Commonwealth v. Twiggs, 460 Pa. 105, 110-11, 331 A.2d 440, 443 (1975).

We must determine, therefore, whether trial counsel's reliance on a key witness's promise to appear was unreasonable in light of his failure to invoke the authority of the court to compel attendance of that witness by the issuance of a subpoena.

[ 363 Pa. Super. Page 193]

It is apparent from our review of the record in this case that trial counsel's stewardship was not only ineffective, but bungling at best. At the close of the first day of trial, counsel informed the court that a key witness, Mr. Bowser, had been subpoenaed to appear at 9:00 a.m. the following morning. He requested the court to continue the hearing until then so that he could present this witness's testimony to the jury. It was later revealed that counsel had not, in fact, subpoenaed Mr. Bowser and he did not appear to testify at the second day of trial.

Counsel's initial failure to subpoena Mr. Bowser was compounded by his untrue statement to the court that he had subpoenaed Mr. Bowser. Had counsel informed the court at that point that Mr. Bowser was not under subpoena, the court may have been alerted and taken steps to insure Mr. Bowser's attendance, so as to avoid the situation with which we find this case.*fn1

Our review of the entire record in this case indicates that counsel did not consciously decide not to subpoena Mr. Bowser for any reason designed to effectuate the interests of his client. Rather, counsel failed to seek compulsory process to obtain the witness's testimony as the result of the lack of diligence on his part. Appellee posits the argument that counsel may have refrained from subpoenaing Bowser for fear of alienating him. The record contains no basis for this speculation. At the posttrial hearing on this issue, trial counsel merely stated that he believed Bowser's promise of attendance. The record provides us with no basis upon which we can conclude that counsel's decision was designed to effectuate appellant's interest.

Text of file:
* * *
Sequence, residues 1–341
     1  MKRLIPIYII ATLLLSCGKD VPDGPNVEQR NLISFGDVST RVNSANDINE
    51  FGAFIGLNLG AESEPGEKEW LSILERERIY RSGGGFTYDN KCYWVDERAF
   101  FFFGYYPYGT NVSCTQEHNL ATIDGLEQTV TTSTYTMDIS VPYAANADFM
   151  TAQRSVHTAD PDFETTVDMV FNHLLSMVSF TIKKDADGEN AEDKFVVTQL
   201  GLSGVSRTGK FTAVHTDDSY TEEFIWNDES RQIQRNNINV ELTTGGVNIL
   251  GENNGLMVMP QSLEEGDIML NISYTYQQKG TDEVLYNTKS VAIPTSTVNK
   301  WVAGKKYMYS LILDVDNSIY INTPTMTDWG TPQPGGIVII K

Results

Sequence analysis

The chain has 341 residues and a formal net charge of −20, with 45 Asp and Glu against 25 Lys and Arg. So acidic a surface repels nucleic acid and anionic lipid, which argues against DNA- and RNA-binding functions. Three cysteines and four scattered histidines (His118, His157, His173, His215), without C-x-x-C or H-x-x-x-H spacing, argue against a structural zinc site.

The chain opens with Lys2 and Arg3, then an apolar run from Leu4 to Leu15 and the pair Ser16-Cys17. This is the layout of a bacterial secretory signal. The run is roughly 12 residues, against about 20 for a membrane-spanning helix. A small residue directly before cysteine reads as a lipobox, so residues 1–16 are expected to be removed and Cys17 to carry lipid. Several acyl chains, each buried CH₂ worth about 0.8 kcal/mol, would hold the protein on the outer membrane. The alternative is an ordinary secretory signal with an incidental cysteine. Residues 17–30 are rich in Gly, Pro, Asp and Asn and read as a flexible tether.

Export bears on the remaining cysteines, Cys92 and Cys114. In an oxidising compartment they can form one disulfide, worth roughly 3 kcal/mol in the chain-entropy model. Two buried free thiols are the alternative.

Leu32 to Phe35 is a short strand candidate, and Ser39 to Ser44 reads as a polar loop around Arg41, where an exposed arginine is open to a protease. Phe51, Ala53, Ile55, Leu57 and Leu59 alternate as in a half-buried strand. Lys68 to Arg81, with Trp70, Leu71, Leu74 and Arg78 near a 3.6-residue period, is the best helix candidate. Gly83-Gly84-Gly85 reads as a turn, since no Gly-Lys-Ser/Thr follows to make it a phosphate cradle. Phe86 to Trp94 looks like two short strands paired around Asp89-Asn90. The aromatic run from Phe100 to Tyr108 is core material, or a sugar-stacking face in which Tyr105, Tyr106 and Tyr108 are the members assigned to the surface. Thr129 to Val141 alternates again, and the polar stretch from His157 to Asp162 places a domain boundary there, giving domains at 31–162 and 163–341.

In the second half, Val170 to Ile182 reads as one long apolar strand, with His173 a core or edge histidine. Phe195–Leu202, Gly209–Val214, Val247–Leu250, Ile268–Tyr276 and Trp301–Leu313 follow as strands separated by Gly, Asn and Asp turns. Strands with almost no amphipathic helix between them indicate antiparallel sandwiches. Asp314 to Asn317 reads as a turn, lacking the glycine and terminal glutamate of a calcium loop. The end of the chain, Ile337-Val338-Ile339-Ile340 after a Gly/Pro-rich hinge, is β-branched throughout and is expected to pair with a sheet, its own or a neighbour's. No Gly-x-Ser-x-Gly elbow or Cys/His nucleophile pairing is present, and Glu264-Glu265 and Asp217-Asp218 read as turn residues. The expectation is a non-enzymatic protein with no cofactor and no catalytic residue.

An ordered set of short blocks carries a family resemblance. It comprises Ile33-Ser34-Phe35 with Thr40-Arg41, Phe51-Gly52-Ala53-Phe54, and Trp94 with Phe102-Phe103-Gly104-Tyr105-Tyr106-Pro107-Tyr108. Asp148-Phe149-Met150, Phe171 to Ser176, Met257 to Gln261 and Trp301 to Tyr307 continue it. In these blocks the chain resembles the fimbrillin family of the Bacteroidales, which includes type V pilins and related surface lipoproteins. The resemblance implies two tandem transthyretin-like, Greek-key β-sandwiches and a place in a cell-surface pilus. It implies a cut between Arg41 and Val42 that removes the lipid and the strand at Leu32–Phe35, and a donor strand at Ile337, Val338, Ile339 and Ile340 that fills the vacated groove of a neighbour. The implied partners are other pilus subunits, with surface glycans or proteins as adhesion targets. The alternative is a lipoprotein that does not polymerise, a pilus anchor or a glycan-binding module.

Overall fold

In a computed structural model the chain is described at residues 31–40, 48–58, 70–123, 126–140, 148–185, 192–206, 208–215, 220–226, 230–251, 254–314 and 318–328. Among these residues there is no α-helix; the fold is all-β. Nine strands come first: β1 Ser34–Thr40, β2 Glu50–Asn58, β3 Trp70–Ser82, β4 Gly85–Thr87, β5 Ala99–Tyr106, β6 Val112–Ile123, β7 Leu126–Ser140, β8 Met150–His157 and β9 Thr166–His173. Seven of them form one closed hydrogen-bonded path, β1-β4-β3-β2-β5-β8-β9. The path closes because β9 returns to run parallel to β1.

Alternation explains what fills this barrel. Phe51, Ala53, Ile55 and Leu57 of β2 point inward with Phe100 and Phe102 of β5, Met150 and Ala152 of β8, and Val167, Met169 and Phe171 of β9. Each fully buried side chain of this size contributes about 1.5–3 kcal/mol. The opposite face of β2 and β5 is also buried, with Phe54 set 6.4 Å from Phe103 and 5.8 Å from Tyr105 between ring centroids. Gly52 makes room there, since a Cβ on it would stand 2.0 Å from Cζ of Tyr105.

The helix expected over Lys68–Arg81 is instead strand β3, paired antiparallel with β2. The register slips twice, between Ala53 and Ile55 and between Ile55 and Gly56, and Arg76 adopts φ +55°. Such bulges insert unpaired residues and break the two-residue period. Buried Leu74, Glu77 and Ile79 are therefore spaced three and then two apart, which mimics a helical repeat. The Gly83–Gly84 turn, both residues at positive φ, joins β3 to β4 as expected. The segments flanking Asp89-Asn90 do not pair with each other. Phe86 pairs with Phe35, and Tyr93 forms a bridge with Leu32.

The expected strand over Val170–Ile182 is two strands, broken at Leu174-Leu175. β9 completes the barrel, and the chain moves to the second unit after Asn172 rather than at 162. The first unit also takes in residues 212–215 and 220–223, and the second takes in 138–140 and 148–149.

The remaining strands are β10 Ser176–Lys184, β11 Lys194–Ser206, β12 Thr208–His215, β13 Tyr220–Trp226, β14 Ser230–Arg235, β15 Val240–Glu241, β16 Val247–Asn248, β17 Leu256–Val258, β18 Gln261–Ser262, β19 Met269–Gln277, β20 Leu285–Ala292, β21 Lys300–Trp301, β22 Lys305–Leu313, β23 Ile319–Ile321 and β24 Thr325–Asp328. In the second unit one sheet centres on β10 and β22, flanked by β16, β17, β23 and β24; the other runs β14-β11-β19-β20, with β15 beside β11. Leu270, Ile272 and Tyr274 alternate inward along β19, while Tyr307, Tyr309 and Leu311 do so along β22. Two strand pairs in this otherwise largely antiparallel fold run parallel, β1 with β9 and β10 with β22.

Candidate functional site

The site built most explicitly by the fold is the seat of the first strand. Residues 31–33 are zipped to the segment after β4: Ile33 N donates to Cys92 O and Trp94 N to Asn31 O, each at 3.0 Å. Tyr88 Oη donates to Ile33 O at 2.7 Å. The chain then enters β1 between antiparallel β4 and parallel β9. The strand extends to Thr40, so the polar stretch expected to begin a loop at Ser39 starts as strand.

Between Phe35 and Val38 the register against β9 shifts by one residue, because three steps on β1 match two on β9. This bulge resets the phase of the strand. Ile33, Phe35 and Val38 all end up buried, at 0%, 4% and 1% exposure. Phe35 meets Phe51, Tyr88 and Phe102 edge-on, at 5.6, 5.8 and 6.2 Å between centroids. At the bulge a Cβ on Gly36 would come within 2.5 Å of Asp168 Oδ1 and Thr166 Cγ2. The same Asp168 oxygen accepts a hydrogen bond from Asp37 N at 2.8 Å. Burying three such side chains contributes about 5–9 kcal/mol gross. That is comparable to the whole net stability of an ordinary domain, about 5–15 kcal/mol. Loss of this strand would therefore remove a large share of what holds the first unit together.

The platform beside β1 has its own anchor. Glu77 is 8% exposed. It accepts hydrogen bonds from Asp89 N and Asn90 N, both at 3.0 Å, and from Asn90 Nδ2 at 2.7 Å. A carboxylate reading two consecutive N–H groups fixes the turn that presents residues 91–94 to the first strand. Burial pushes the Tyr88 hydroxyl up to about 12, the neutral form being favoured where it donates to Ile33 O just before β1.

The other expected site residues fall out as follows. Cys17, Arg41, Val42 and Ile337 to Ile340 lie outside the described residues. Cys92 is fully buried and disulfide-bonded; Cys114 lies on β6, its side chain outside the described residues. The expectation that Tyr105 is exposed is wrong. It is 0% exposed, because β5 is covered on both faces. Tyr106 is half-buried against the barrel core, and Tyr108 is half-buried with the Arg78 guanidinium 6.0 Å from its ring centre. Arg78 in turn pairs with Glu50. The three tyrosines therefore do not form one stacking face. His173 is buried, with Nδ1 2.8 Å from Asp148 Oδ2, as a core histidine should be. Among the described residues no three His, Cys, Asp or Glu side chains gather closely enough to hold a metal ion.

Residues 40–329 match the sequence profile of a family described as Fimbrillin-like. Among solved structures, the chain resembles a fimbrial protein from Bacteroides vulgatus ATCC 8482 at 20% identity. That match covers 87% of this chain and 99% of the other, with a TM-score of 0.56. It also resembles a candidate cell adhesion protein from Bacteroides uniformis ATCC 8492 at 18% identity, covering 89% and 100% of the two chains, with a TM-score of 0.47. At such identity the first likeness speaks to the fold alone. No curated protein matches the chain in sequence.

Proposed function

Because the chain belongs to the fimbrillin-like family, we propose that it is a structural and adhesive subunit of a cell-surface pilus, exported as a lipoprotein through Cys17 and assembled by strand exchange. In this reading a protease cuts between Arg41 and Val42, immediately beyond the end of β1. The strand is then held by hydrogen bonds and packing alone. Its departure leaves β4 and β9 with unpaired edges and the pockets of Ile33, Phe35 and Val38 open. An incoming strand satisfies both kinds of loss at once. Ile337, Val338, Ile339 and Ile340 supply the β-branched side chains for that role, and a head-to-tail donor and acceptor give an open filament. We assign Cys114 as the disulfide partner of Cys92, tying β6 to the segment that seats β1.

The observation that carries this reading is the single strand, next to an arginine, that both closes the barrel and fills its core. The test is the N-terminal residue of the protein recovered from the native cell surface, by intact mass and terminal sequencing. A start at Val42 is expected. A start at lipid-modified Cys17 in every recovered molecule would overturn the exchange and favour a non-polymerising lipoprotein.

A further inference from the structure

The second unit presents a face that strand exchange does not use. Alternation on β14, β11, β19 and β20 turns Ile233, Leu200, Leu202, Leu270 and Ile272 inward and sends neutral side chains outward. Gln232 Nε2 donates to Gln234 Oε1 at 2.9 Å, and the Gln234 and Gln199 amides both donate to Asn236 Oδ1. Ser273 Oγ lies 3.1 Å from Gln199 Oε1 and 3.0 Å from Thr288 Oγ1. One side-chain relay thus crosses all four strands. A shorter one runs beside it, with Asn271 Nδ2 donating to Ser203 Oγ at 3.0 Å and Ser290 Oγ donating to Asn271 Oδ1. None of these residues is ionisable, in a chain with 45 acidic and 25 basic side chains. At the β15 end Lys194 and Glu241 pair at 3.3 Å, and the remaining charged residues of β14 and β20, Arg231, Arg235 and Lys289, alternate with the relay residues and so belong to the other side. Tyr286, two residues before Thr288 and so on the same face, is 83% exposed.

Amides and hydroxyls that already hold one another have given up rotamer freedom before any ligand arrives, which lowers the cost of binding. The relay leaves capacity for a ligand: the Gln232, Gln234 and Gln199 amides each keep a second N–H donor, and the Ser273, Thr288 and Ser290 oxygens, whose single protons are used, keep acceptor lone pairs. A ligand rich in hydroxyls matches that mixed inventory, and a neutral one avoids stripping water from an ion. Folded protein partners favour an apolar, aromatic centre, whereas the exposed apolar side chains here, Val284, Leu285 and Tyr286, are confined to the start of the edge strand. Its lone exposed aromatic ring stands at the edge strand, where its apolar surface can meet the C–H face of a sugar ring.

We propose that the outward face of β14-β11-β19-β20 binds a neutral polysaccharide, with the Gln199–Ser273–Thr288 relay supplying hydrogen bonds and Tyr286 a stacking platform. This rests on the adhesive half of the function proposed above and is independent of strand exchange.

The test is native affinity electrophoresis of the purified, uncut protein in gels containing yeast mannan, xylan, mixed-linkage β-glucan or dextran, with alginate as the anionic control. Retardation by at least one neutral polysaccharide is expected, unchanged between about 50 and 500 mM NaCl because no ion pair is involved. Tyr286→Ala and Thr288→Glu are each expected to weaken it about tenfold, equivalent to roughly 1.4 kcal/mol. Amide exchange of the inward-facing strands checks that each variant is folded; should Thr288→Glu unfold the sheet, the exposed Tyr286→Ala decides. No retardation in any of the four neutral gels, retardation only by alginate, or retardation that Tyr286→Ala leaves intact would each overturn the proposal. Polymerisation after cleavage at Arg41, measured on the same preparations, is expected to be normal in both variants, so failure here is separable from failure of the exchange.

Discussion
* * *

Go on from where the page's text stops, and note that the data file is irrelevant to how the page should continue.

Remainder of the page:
[ 363 Pa. Super. Page 194]

Once we have determined that appellant's claim of ineffectiveness is of arguable merit and that counsel had no reasonable tactical basis for the conduct complained of, we must finally determine whether appellant was prejudiced thereby. See Commonwealth v. Buehl, 510 Pa. 363, 508 A.2d 1167 (1986). As previously discussed, Bowser's testimony was the only evidence available to impeach the identification testimony of the complainant. As the primary issue in this case was the identification of appellant as the perpetrator, we are compelled to conclude that Bowser's testimony, if made as asserted, and if believed, would have provided a reasonable doubt in the minds of the jurors as to appellant's guilt. Counsel's failure to secure Bowser's testimony requires the result we reach herein.

Since we consider this failure to be sufficient to establish that trial counsel in this case was not constitutionally effective, we do not reach appellant's claims of error in the jury instructions. Accord: Commonwealth v. Mabie, 467 Pa. 464, 359 A.2d 369 (1976).

The order of the court below is reversed. Judgment of sentence is vacated and a new trial is granted. Jurisdiction relinquished.

Disposition

The order of the court below is reversed. Judgment of sentence is vacated and a new trial is granted. Jurisdiction relinquished.